Yes, Virginia, there was a logic behind Israel’s decision, and not merely a soft-headed willingness to throw prudence to the wind in response to a mother’s tears. The Daily Alert must have accidentally overlooked that stuff. Or maybe they wanted to shield us from leftist propaganda. For example, this Jerusalem Post article by former Netanyahu bureau chief Ari Harow.
The Norway massacre has touched off a nasty war of words on the Israeli Internet over the meaning of the event and its implications for Israel. And I do mean nasty: Judging by the comments sections on the main Hebrew websites, the main questions under debate seem to be whether Norwegians deserve any sympathy from Israelis given the country’s pro-Palestinian policies, whether the killer deserves any sympathy given his self-declared intention of fighting Islamic extremism and, perhaps ironically, whether calling attention to this debate is in itself an anti-Israel or anti-Semitic act.
The debate seems to be taking place almost entirely on Hebrew websites. There’s a bit of bile popping up on the English-language Jerusalem Post site as well (for example, there are a handful of choice comments of a now-they’ll-know-what-it-feels-like variety following this Post news article reporting on Israel’s official offer of sympathy and aid). In Hebrew, though, no holds are barred. I’ve translated some of the back-and-forth from the Ynet and Maariv websites below, to give you taste.
The debate exploded aboveground on Saturday in an opinion essay at Ynet (in Hebrew only) by Ziv Lenchner, a left-leaning Tel Aviv artist and one of Ynet’s large, bipartisan stable of columnists. It’s called “Dancing the Hora on Norwegian Blood.” He argues that the comment sections on news websites are a fair barometer of public sentiment (a questionable premise) and that the overwhelming response is schadenfreude, pleasure at Norway’s pain. As I’ll show below, that judgment seems pretty accurate.
The increasingly progressive Atlantic Monthly correspondent and former Forward staffer Jeffrey Goldberg (for the last time, no, we’re not the same person) posted a link on his blog Tuesday to an online essay — which he called “hard to disagree with” — by senior research fellow Hussein Ibish of the American Task Force on Palestine. Here’s the excerpt Goldberg posted on his blog:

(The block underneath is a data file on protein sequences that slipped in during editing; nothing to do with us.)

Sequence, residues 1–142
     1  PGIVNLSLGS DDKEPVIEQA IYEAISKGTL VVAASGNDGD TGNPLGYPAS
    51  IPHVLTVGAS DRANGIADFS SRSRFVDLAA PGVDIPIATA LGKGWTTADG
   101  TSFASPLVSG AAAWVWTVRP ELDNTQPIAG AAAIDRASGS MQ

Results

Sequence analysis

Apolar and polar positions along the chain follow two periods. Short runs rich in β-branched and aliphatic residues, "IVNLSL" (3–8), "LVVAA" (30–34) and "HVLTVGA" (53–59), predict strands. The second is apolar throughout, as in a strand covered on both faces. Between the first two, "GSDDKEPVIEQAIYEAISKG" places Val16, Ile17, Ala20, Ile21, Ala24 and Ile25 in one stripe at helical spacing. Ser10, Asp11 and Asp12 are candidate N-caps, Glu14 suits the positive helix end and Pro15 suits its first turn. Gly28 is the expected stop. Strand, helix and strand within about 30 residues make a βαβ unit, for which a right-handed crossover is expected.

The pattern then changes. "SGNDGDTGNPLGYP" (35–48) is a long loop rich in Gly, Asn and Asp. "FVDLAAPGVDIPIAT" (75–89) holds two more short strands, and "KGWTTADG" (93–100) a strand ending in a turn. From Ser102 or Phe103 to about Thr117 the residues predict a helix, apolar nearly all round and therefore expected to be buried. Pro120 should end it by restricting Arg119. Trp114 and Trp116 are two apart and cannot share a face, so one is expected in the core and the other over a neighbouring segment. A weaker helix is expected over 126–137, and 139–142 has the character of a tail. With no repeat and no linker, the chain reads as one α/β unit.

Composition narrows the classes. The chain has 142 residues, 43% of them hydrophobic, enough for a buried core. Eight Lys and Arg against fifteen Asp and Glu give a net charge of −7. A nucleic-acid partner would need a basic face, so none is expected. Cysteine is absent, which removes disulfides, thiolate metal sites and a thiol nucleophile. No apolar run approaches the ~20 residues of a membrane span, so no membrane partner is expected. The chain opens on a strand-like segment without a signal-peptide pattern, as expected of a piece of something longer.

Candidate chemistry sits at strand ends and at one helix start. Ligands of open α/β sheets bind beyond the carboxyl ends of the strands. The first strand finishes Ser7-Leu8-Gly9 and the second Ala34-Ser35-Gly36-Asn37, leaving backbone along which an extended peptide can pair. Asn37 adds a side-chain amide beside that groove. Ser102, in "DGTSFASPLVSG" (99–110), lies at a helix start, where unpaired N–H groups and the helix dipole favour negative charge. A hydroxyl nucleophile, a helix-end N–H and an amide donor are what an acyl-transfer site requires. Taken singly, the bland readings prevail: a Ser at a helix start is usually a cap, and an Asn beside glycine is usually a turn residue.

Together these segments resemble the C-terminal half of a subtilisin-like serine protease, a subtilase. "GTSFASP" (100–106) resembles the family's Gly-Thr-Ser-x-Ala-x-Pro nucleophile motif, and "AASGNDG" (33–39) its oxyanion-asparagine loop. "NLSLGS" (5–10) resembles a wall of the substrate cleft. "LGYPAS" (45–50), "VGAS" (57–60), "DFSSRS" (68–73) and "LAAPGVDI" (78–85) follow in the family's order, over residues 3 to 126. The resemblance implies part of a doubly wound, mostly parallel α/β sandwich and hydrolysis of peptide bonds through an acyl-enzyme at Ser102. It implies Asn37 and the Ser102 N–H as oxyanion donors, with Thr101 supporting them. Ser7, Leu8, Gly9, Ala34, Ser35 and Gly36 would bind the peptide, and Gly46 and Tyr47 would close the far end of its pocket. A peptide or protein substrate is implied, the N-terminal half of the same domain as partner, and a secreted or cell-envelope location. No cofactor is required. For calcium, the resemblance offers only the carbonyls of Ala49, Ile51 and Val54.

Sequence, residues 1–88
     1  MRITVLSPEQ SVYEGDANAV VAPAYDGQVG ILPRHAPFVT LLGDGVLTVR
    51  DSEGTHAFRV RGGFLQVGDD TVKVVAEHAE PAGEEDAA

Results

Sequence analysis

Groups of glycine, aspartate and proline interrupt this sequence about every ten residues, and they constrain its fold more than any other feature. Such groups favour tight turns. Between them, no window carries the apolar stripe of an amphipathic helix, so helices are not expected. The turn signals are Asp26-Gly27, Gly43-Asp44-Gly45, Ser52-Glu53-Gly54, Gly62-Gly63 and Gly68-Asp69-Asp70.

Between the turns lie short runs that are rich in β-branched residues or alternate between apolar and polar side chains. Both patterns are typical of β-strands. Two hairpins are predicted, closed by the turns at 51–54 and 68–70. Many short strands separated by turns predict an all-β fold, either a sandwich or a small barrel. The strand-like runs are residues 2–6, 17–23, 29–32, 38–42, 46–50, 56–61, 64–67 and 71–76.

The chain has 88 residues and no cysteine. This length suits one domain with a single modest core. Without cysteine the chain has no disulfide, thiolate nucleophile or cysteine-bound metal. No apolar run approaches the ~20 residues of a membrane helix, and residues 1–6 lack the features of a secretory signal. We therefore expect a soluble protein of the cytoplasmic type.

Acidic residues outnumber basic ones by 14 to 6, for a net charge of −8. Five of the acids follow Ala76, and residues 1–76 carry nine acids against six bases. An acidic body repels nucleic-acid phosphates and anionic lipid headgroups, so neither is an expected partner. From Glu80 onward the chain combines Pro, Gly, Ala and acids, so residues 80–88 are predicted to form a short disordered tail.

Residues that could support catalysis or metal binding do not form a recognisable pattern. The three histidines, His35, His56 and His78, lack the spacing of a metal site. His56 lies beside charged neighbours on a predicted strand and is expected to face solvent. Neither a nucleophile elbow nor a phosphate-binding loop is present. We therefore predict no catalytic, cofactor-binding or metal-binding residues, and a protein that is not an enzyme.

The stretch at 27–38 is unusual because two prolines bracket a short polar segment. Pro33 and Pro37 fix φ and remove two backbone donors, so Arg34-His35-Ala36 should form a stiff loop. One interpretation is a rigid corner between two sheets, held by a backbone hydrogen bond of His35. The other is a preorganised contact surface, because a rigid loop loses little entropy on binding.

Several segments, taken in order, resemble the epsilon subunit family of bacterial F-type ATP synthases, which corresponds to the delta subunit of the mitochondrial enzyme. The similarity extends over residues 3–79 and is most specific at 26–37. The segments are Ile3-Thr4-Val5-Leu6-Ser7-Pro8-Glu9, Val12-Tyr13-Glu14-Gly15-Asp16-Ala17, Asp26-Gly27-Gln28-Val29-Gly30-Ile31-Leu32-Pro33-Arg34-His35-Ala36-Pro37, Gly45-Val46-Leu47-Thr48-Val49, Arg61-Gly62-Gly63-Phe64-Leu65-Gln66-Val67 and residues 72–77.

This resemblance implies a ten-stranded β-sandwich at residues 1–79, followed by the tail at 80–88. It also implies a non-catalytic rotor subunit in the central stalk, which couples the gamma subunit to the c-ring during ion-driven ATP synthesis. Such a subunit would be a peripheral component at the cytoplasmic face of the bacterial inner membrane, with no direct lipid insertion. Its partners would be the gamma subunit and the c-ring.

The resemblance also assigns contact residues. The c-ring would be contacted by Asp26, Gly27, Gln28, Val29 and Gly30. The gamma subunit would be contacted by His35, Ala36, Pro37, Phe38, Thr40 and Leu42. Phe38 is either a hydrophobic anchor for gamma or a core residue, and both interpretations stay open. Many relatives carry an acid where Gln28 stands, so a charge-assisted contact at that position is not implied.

The anti-boycott law isn’t about protecting Israel from boycotts that target the country in general, because basically these don’t exist in reality. It’s about protecting the settlers from boycotts of settlement goods, a movement that is very real and growing, especially in Europe. But the anti-boycott law is only the tip of the iceberg in a profoundly anti-democratic shift in Israeli political attitudes. This is partly a consequence of a siege mentality, but it also has a great deal to do with demographic shifts among the Jewish population.
The large Russian immigrant community is better organized than ever, and the extreme religious community is growing at a much faster pace than the rest of Israeli society. Both constituencies are pushing Israel toward a new form of authoritarianism, within Jewish society.
For the record, I’ve been writing about this Israeli demographic shift for a couple of years now: (Here and here with numbers on the overall demographic trend; here, here and here on the way it’s affecting the army and the alarm within the General Staff over the topic.) Up to now the issue hasn’t much entered the public discourse in this country, partly because it’s obscure and rarely hits the front pages in Israel; partly, too, because it touches on some pretty radioactive Jewish sensibilities. It seems like it’s taken the Boycott Law and the larger debate over anti-democratic legislation (here is a pretty sharply framed Haaretz piece on the trend) to put it on the agenda here.